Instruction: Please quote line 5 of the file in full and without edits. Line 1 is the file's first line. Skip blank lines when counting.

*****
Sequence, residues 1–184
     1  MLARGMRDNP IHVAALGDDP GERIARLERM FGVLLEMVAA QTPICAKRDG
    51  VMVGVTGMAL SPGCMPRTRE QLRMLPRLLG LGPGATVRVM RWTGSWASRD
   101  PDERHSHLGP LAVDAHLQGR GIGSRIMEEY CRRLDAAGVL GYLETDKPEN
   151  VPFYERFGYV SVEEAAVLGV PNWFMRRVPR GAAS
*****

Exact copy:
   151  VPFYERFGYV SVEEAAVLGV PNWFMRRVPR GAAS